The Gospels of Matthew, Mark and Luke tell a more or less chronological account of the public life of Jesus. But John, well, John is different. It’s mystical and full of symbols. It’s a beautiful and astounding look at the Lord.
Today, Jesus is speaking to the Pharisees, and they are having a really hard time understanding Him, seeing from His point of view.
He said to them, “You belong to what is below,
I belong to what is above.
You belong to this world,
but I do not belong to this world.
That is why I told you that you will die in your sins.
For if you do not believe that I AM,
you will die in your sins.”
So they said to him, “Who are you?”
Jesus said to them, “What I told you from the beginning.
I have much to say about you in condemnation.
But the one who sent me is true,
and what I heard from him I tell the world.”
They did not realize that he was speaking to them of the Father. – Jn 8:23-17
Since we know who Jesus is (the Son of the God, the second Person of the Most Holy Trinity), we have an advantage over the Pharisees here. They are only able to think in earthy terms. They have a narrow notion of who and what the Messiah will be, and Jesus isn’t it. They cannot see what is right in front of them.
It’s easy to scoff at them (“Dumb bunnies! How could they miss that this was the Messiah??”) But we do exactly the same thing. We miss what is right in front of us.
I have a friend who is an amazing nature photographer. She sends me pictures of flower waiting to burst open, birds posed in flight, a tiny insect making its way through a vast bed of greenery. Her vision of nature is detailed and artistic. While I know how to work a camera, I completely miss what she sees. It’s like she has another dimension of sight that I don’t have.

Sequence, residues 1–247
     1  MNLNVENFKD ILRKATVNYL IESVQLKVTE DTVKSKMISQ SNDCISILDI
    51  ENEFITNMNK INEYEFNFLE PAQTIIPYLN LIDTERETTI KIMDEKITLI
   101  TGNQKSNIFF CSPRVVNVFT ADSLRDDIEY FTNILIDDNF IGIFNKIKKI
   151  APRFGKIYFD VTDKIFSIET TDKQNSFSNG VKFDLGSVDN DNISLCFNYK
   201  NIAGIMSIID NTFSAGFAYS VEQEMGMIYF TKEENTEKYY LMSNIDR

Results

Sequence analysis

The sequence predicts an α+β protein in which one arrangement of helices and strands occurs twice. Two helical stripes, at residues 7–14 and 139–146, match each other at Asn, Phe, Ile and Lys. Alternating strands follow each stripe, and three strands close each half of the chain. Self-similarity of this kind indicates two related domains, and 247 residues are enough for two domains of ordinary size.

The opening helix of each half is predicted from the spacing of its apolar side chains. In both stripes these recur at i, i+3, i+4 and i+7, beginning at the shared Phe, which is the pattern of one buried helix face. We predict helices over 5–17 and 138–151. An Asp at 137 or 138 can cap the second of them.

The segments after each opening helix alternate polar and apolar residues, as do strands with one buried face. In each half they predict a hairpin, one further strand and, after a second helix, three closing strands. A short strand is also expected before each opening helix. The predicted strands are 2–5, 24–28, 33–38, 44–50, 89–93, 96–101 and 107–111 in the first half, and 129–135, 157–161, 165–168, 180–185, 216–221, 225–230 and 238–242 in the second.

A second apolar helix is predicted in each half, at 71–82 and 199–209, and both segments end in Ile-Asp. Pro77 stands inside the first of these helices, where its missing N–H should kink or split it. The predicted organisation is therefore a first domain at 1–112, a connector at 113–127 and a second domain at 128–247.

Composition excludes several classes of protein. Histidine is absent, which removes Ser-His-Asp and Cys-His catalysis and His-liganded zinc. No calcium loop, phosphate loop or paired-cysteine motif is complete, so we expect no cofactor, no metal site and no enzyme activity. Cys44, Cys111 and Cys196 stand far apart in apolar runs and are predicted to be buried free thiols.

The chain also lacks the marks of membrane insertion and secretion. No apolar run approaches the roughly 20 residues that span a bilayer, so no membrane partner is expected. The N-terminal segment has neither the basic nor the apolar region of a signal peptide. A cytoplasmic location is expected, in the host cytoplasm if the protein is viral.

How often do we, like the Pharisees, ignore what is in front of us? Usually it’s because of pride; we think we already know everything. We are “better than.” We don’t speak that language. God the Father puts exactly the same thing in front of us that He has put in front of every saint in history … and we are still profoundly confused, proud, blind to the Truth.
Jesus has a singular vision: the will of the Father. He is focused only on that, despite all that goes on around Him as He carries out the Father’s will. We cannot see we exactly as he sees, but He invites us to try. Pope Benedict XVI (writing as Cardinal Joseph Ratzinger):
Yes, you can see God. Whoever sees Christ sees him…
For the next question is now (for all of post-apostolic Christianity, at least): How can you see Christ and see him in such a way that you see the Father at the same time? …
The seeing occurs in following after, Following Christ as his disciple is a life lived at the place where Jesus stands, and this place is the Passion. In it, and nowhere else, is his glory present.
What does this demonstrate? The concept of seeing has acquired an unexpected dynamic. Seeing happens through a manner of living that we call following after. Seeing occurs by entering into the Passion of Jesus. There we see, and in him we see the Father also. From this perspective the words of the prophet quoted at the end of the Passion narrative of John attain their full greatness: “They shall look on him whom they have pierced” (Jn 19:37)
When we “follow after” Christ, when we become His disciples, when we pick up our Cross and pursue Him: we shall see. We need to stop questioning, interrogating Jesus like the Pharisees in today’s Gospel. Today, Jesus answers the question, “Who are you?” Let us see Him clearly, with eyes of faith.
Elise Hilton is an author, blogger and speaker. Her role at Diocesan Publications is Editor & Writer with the Marketing Team. She has worked in parish faith formation and Catholic education for over 25 years. A passionate student of theology, Elise enjoys sharing her thoughts on parish communication, the role of social media in the Church, Franciscan spirituality and Catholic parenting. To enquire about booking her as a speaker, please contact her at firstname.lastname@example.org.